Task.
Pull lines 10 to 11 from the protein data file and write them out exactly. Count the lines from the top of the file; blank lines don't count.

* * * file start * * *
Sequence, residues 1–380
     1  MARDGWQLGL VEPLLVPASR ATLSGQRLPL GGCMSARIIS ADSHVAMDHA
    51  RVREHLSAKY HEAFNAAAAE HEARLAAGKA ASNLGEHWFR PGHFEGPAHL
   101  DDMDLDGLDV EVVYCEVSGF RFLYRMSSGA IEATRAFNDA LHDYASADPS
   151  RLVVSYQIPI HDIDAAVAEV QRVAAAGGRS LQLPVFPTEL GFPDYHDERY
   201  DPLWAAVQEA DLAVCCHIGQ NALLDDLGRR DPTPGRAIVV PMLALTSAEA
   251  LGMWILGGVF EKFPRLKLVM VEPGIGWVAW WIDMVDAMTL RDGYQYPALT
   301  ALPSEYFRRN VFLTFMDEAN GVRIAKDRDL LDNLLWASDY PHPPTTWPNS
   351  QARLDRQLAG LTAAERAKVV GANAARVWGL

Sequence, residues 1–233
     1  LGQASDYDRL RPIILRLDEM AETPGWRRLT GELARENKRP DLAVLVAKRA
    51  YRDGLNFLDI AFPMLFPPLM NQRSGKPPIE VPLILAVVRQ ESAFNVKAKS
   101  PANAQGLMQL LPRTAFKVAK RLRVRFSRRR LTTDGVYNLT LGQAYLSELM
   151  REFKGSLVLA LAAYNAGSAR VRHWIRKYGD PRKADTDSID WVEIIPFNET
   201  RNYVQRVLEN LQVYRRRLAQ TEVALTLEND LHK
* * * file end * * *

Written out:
Sequence, residues 1–233
     1  LGQASDYDRL RPIILRLDEM AETPGWRRLT GELARENKRP DLAVLVAKRA